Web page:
Thieves are using phishing and other schemes to steal client data from tax professionals. Then, using that data, they file fraudulent tax returns and use the taxpayers' real bank accounts to deposit erroneous tax refunds. Finally, the thieves, posing as IRS or other law enforcement, call attention to the error and ask taxpayers to return the money to them.
Why are thieves going to such lengths? They know it is more difficult to identify and halt fraudulent tax returns when they are using real client data such as income, dependents, credits, and deductions. Additionally, it's harder to track when criminals can find alternative ways to get the fraudulent refunds delivered to themselves rather than the real taxpayers - no more stealing checks out of mailboxes.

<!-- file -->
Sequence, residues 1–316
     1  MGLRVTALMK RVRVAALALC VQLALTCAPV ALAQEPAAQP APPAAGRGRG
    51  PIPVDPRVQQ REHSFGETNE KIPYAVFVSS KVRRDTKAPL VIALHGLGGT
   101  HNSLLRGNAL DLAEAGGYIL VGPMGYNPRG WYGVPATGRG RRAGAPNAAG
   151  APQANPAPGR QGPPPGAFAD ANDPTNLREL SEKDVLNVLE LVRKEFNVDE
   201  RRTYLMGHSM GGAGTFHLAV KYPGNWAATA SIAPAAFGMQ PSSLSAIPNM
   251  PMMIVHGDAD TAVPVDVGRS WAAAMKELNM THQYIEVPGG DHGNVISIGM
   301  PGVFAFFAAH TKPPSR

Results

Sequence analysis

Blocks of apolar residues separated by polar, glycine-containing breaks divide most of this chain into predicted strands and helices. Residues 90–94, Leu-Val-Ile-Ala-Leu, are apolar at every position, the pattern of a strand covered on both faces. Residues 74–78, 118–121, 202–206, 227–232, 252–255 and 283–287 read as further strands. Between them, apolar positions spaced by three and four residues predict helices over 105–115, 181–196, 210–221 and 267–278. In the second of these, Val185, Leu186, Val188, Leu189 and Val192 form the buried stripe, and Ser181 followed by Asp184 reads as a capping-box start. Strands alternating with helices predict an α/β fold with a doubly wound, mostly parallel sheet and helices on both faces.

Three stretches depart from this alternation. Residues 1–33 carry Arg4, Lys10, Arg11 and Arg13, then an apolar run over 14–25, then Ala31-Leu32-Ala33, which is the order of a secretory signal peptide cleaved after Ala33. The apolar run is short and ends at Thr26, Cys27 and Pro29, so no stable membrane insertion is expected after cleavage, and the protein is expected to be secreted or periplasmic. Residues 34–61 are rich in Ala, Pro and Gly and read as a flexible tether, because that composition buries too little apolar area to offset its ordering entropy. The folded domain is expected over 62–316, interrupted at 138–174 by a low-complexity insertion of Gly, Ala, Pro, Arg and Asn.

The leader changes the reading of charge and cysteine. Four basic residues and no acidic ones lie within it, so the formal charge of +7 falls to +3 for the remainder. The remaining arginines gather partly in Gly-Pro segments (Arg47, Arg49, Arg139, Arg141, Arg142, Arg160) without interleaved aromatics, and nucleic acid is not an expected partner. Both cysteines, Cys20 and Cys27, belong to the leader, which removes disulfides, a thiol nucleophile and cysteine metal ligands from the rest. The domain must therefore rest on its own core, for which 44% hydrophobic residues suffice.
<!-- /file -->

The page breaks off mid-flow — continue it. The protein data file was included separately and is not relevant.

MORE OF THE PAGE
If this happens to you - and you do have a bogus tax refund in your bank account - here's how the IRS wants you to return the funds and avoid being scammed: